The clash between humility and arrogance, Prometheus and Copernicus, lies not only in the methods of discovery. Today the clash has come to a head over the fate of the climate. The overwhelming data gathered by scientists who measure the world – the Copernicans – strongly suggests that the fossil fuel and chemical revolutions unleashed by the Prometheans are eroding the climatic stabilizers upon which human civilization rests. For twenty years, calls for a little humility – often expressed in the language of buying insurance – have been rejected by the political, economic, and scientific elites of the industrial world.
This response illustrates just how deep the human aversion to humility runs. Faced with measurements showing that unlimited consumption of fossil fuels was destabilizing the climate, the scientists and engineers aligned with the exploitation of nature simply allowed themselves to be corrupted into cooking the books.
With increasing boldness, industry began to fund researchers to parrot its views on topics like global warming and clean air. These Promethean contrarians offer the promise of profligate energy use and industrial expansion with no negative consequences. They rarely published in peer-reviewed scientific literature and sometimes showed a cavalier disregard for basic scientific norms. Thus the Promethean view on global warming is laid out not in scientific journals but in the editorial pages of the Wall Street Journal. The scientists who float these ideas know that the threat from climate change is not just the warming, but the disruption of an anomalous 10,000-year period of climactic stability that enabled humans to develop civilizations.
When political and public pressure for action built, the Prometheans responded with the concept of “geo-engineering,” the idea that perhaps by sending massive quantities of sulfuric acid droplets into the atmosphere, seeding the ocean with iron, or spewing thousands of tiny mirrors into space we could undo the “warming” caused by massive buildups of carbon dioxide.
Scientists – of either variety – have a difficult time when their roles morph from doing science to informing the public. They are not by temperament communicators. They are truth finders, but the habits that make truth tellersare different. Galileo, with his putative “nonetheless it moves” sotto vocecomment, is the first recorded example of this squirming. The awkward conversations among climate scientists about how to explain to the public that we really ought to be doing something about climate change even if the computer models show substantial uncertainty are the most recent. But the Copernicans have a disadvantage – unlike the Prometheans they have no “gee whiz” technology – think fire – to bring to the party – they are more purely judged by their evaluations. By and large the public is too impatient to listen carefully, which can easily lead the scientific community into telling people what they think they need to hear, instead of what the science says. The recent leaks of climate science memos in which some of the climate scientists urged squelching awkward data points is one example – and an earlier and far more consequential one was the decision by the nuclear fraternity after World War II to pretend that radiation was almost a friendly neighbor to human beings, to avoid a public panic about the nuclear deterrence strategy.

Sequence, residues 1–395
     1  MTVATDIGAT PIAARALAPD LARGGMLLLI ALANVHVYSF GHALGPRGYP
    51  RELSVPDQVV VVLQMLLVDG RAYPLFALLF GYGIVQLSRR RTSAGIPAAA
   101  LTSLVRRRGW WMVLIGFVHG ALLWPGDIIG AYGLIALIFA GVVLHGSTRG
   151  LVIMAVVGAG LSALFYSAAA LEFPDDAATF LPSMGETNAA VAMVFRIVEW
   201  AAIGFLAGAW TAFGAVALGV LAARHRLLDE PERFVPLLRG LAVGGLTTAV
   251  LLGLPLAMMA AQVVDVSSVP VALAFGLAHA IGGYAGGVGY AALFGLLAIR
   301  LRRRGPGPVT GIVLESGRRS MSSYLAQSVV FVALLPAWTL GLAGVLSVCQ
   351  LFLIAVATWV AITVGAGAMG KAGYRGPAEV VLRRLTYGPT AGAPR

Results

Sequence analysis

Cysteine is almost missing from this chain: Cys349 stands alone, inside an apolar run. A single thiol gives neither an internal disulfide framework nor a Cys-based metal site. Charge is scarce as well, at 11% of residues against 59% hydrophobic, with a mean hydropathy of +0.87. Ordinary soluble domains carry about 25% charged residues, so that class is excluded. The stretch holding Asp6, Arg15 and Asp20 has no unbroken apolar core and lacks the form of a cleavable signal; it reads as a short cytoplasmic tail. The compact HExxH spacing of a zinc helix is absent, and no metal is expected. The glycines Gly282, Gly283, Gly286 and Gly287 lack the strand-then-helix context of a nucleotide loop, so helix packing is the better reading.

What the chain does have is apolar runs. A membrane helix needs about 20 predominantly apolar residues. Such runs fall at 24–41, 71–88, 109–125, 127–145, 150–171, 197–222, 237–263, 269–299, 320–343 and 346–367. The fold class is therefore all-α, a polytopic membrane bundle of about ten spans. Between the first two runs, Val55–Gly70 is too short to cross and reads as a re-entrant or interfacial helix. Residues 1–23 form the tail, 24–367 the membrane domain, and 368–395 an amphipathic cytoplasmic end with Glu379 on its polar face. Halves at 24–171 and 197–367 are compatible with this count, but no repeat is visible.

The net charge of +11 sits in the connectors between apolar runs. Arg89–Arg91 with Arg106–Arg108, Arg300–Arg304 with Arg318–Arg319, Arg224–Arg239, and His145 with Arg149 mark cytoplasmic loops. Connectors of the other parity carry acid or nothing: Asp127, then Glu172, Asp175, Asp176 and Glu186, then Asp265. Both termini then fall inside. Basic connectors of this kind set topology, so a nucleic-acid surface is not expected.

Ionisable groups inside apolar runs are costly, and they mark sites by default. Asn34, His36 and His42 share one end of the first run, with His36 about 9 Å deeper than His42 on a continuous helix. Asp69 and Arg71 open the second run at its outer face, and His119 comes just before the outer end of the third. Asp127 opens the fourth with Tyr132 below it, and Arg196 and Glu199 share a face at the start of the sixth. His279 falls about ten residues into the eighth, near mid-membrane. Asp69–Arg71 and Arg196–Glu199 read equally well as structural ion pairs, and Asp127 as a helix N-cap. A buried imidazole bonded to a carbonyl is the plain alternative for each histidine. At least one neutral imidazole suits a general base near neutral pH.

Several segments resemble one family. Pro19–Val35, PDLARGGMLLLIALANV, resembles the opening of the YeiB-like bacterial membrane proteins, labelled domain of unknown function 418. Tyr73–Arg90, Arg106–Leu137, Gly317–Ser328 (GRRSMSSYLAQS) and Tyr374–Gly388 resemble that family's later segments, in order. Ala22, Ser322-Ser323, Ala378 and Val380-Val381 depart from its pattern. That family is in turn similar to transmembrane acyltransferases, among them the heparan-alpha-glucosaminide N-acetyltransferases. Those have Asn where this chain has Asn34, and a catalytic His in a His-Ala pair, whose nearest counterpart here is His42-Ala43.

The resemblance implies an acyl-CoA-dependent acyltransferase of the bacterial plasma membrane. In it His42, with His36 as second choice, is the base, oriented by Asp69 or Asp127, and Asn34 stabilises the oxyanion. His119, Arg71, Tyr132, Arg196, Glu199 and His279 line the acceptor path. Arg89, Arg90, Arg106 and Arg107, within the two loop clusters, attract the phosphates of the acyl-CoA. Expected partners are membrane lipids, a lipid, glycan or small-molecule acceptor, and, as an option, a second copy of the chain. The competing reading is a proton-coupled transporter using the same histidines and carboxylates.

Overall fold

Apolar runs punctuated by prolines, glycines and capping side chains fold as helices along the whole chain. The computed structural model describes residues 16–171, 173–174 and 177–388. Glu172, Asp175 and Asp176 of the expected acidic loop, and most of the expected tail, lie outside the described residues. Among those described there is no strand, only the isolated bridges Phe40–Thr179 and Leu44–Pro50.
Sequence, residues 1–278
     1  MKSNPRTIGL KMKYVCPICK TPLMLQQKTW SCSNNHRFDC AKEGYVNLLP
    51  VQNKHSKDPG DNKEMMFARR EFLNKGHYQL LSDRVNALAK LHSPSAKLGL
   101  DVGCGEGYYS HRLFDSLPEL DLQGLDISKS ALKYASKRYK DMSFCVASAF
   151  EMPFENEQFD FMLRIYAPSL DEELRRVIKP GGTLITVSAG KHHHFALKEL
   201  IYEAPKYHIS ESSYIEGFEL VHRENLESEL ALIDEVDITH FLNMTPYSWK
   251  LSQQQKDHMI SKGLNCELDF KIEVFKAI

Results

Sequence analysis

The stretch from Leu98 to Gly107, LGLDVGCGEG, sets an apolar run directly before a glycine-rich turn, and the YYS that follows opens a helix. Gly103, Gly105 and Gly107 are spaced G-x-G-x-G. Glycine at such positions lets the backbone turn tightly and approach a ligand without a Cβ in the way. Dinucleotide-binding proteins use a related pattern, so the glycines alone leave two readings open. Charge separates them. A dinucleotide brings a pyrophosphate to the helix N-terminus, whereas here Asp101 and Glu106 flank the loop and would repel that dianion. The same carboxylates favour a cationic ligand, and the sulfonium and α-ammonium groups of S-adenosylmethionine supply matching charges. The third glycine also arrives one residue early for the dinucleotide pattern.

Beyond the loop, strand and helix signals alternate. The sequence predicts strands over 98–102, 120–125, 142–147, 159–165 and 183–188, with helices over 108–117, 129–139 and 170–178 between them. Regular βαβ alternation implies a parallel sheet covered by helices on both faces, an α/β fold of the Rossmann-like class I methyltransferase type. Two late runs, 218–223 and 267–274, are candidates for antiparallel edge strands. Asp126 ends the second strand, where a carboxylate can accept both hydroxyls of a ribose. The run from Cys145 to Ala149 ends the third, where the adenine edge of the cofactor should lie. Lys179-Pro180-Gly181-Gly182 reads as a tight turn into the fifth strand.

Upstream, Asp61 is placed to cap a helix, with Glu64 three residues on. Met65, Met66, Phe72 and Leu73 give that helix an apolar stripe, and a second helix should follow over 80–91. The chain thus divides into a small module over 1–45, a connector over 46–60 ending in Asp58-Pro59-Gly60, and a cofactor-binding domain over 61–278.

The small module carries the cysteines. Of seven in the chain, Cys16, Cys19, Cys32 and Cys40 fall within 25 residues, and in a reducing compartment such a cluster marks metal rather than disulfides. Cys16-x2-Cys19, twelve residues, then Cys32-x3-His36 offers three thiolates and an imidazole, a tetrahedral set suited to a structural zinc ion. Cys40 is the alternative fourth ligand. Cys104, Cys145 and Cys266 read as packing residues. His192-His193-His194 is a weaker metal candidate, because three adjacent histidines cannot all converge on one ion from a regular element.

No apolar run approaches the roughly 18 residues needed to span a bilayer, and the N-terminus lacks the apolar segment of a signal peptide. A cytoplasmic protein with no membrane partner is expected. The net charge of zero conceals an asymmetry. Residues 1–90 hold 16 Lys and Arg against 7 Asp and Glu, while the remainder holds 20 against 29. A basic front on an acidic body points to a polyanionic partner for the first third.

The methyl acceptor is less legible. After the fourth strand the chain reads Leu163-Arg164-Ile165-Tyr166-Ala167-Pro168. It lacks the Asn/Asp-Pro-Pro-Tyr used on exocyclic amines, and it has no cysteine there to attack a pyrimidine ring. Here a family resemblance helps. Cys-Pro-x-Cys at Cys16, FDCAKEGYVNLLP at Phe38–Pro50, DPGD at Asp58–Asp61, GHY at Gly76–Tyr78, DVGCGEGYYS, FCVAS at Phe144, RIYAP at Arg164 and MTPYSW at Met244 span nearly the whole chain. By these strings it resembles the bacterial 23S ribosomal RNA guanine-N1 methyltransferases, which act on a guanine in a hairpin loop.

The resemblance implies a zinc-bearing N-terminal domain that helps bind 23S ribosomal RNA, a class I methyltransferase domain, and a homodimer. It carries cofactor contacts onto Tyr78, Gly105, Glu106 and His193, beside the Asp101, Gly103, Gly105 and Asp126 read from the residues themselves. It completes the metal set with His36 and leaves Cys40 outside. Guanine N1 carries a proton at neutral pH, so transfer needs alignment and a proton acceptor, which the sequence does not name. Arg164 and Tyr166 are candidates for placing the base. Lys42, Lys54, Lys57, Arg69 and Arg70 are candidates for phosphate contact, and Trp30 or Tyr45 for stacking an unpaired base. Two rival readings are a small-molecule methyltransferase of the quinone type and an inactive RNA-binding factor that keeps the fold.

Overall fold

The geo-engineering debate brings into harsh contrast just how addictive the concept of “mastery” is for primates. While some geo-engineering projects might, in theory, lower mean temperatures, none would curb the continual unraveling of the micro-climates on which individual agricultures or urban societies depend. (The sulfuric acid project, for example, would greatly accelerate the alarming acidification of the ocean that terrifies Rachel Carson’s successors in the field of marine biology.) So geo-engineering can’t solve the problem it proposes to, but how seductive it is to play with the idea of intentionally – as opposed to merely accidentally – controlling the shape of our planet.
Climate scientists warn us that time to reverse course and display humility is short. The strong and arrogant “try it out” traditions of chemistry, engineering, biotechnology, and nuclear physics have the bit in their mouths and are not prepared to be reined in. In recent decades, however, technological innovation has shifted to the fields of electronics and genetics. While these advances have given the Prometheans vast and potentially destructive new powers, they may ultimately prove more useful to the watchful Copernicans. Computer technology, modern optics, and advances in cellular biology have dramatically increased scientists’ ability to monitor the global atmosphere, map genetic differences among closely related species, and detect the buildup of dangerous hormone-mimicking chemicals in human tissues, to name a few. As a result of their new powers of observation, many scientists are becoming increasingly uncomfortable with what their instruments are telling them, and increasingly worried about what the Prometheans have wrought.